This ‘Motherfucker’ article was written by Connor Anderson, a GIGsoup contributor

2*With these vocals and musical style, it’s impossible not to make the link between Motherfucker and 80’s/90’s fuzz-skate punk. The opening track ‘I’m fucking Dick Dale’ is strong – it has good progression, bass and drums that work well together with decent rhythmic movement. The guitar holds a classic fuzz, discord sound and is even a-tonal in places – exactly what is to be expected from a band called ‘Motherfucker’, a solid punk sound with understated vocals. It portrays a reasonable outlook for the rest of the album; although the only thing the lyrics have in common are their ability to rhyme, so don’t look for any grand poetic expression here.

However, then comes the dreary drudge through the mid-card. If a song in this style is going to be repetitive and flat on the guitar then you’re relying on a vocal catch to break the monotony, but this is sorely lacking. What follows feels like a slight hangover from the catchy and driven opener; very basic, 2-dimensional, anti-melody and without any sort of informed direction. That’s part of the point of this album and don’t take that to be all bad, but it just gives an empty sense of ignored capability because the tone between the trio is well matched, with the bass and drums specifically on point throughout. Without any real hook however, there simply is no memorable ear-worm moments.

Most of the tracks are slow to get going before eventually rumbling on to the same semi tonal movement and guitar sustain, making every verse and chorus completely interchangeable and indistinguishable from the last. At times it’s like the drums and bass are dragging the guitar along by the neck (no pun intended) and every now and again you get a sniff of a half-decent punch – as if it’s building to what the song should’ve been, but then it ends.

All that said, there is something likeable about this release. The band have landed on their sound and will be damned if anyone wants them to veer away from it. Vocals are not the lead instrument here and if a comparison had to be drawn, it would be to a blend of L7, Silversun Pickups, Fu Manchu and Mudhoney. There is nothing revolutionary or even overtly inspired here, and why would there be? ‘Motherfucker’ formed as a one-off high energy live act, who decided to continue this venture into the studio. This is reflected in the repetitive nature of the albums songwriting, sticking to familiar techniques and structure.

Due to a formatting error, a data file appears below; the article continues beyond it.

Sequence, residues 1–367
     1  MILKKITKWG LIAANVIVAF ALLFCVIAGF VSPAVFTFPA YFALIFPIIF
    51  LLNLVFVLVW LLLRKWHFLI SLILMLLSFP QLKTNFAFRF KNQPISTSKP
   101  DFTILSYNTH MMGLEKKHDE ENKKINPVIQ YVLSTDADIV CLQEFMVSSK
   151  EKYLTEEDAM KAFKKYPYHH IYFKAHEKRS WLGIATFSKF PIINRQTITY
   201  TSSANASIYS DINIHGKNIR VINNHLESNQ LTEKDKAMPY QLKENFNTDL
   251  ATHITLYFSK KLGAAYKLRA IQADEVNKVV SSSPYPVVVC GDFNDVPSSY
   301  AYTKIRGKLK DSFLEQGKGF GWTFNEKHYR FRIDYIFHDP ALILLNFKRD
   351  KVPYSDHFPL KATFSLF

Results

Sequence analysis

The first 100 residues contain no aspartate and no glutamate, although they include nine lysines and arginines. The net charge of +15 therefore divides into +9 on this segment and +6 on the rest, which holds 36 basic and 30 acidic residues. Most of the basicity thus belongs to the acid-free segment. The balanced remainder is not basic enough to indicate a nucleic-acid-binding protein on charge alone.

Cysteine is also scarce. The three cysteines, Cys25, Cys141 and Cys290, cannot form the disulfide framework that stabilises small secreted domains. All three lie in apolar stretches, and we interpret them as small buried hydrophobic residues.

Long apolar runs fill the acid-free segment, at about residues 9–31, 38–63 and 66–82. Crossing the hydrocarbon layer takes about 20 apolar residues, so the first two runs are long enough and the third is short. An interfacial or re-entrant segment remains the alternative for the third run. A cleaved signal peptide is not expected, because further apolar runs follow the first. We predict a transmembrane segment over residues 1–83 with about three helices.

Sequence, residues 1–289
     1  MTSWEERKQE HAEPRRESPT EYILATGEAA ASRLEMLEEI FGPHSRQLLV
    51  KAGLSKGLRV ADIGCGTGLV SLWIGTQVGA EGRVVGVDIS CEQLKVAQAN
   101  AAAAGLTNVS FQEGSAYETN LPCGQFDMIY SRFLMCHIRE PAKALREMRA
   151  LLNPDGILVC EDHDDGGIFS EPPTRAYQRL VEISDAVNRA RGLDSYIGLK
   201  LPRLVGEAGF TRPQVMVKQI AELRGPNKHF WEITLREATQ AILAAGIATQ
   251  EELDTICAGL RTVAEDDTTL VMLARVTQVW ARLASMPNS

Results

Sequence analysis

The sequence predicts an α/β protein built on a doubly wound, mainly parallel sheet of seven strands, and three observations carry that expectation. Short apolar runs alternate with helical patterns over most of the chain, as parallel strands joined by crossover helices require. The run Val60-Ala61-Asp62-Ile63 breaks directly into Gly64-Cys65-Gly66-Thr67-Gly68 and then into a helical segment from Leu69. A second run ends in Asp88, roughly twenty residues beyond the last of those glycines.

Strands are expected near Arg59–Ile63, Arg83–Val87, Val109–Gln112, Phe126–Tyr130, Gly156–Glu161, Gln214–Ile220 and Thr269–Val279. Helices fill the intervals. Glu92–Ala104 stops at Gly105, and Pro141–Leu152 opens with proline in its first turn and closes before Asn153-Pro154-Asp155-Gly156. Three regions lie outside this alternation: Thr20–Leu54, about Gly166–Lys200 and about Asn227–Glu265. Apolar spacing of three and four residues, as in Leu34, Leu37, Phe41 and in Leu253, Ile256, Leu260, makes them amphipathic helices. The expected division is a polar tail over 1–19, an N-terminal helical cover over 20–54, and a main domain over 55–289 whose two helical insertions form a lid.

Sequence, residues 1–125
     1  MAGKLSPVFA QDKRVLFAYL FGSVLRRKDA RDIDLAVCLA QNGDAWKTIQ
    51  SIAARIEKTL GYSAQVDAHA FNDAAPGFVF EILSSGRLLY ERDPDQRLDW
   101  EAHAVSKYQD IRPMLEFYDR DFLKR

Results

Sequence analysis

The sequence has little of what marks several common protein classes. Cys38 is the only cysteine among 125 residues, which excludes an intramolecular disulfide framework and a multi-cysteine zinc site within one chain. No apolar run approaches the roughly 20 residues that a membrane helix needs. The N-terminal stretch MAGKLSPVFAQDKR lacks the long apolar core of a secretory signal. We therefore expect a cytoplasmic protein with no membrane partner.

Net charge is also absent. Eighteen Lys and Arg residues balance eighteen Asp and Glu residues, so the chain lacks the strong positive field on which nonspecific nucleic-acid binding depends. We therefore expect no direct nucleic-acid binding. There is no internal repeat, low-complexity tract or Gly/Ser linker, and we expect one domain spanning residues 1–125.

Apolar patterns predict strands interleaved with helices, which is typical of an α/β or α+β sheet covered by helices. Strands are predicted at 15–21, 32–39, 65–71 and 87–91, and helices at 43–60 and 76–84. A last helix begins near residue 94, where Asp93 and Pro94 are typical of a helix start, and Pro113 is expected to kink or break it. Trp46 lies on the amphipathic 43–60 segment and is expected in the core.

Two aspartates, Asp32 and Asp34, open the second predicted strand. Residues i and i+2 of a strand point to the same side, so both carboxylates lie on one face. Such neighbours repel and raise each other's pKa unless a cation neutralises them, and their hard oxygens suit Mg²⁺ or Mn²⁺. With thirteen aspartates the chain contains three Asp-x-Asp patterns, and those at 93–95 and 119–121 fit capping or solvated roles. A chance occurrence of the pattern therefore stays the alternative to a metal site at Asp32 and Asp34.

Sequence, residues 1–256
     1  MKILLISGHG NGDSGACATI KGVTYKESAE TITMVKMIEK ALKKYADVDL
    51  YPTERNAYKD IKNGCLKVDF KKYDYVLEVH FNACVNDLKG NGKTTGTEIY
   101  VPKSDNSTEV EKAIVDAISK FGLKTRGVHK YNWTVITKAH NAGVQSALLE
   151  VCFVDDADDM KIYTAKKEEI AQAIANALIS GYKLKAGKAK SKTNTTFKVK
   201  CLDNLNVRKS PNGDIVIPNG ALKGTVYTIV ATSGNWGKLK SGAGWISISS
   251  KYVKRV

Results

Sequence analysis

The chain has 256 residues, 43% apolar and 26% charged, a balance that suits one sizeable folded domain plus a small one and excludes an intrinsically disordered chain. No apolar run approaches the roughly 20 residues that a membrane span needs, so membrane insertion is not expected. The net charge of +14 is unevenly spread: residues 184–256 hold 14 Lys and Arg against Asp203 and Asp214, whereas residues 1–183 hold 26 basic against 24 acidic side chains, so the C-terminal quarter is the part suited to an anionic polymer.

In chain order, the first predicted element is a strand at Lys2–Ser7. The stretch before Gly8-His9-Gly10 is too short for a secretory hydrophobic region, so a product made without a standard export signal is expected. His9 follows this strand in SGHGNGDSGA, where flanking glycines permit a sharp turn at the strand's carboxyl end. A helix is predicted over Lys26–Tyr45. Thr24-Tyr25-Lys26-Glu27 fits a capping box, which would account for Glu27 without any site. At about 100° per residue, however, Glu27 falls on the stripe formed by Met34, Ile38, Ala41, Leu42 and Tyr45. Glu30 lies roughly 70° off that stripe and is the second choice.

“Good time”, starts off with just random notes on the guitar. It certainly does not transport to some angst ridden, itch infested land of punk rock but again, the bass and drums make the save just before you would be forced to skip it completely. Goes to show how important it is to get the balance right within a band’s dynamic, this could easily have drowned in its own fuzz.

‘Confetti (in your fucking face)’ sounds like it was lifted straight from a Jack Off Jill album, and is a disappointing title track. ‘Nobody leaves this place without singing the blues’; the bridge melody strikes as a more basic version of ‘Hangin’ tree – Q.O.T.S.A.’… when it eventually got going about 3 minutes in. The rest of the song is made up of a dizzying 2 note rotation, reminiscent of downing too many tequilas.

The track listing could be completely chosen at random for all it really matters and should probably have been lessened to about 4 or 5 tracks for the lack of any tonal diversity. It’s to be expected that ‘Motherfucker’ would certainly carry some shock value from their name into their music, but it just doesn’t translate that way.

The album ends with “ZANG!” which is the best track – finally the punchy punk rock that was promised. An interesting arrangement but still clinging to the basics so obviously favoured throughout , with effective and dark leads into a much unexpected groove. Don’t be misled, this release is held together with the bass and drums, acting as the semi-sober friend to a wildly drunk and unruly guitar, stepping in when it starts to babble incoherently. This is not going to turn anyone new onto the genre, but if 90’s fuzz punk is your thing then a nostalgic part of you will appreciate this.

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